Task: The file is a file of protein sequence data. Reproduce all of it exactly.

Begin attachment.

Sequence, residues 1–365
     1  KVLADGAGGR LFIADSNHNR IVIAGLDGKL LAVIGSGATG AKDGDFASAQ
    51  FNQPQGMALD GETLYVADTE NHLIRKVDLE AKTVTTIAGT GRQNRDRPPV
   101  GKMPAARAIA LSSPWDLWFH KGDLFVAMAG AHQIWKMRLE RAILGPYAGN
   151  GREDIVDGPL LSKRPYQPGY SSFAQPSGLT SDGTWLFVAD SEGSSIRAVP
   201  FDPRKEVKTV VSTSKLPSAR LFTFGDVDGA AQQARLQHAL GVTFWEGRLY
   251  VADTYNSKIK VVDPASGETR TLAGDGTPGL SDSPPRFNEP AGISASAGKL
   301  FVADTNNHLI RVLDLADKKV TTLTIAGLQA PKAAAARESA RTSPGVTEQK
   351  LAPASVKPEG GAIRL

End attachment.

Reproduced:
Sequence, residues 1–365
     1  KVLADGAGGR LFIADSNHNR IVIAGLDGKL LAVIGSGATG AKDGDFASAQ
    51  FNQPQGMALD GETLYVADTE NHLIRKVDLE AKTVTTIAGT GRQNRDRPPV
   101  GKMPAARAIA LSSPWDLWFH KGDLFVAMAG AHQIWKMRLE RAILGPYAGN
   151  GREDIVDGPL LSKRPYQPGY SSFAQPSGLT SDGTWLFVAD SEGSSIRAVP
   201  FDPRKEVKTV VSTSKLPSAR LFTFGDVDGA AQQARLQHAL GVTFWEGRLY
   251  VADTYNSKIK VVDPASGETR TLAGDGTPGL SDSPPRFNEP AGISASAGKL
   301  FVADTNNHLI RVLDLADKKV TTLTIAGLQA PKAAAARESA RTSPGVTEQK
   351  LAPASVKPEG GAIRL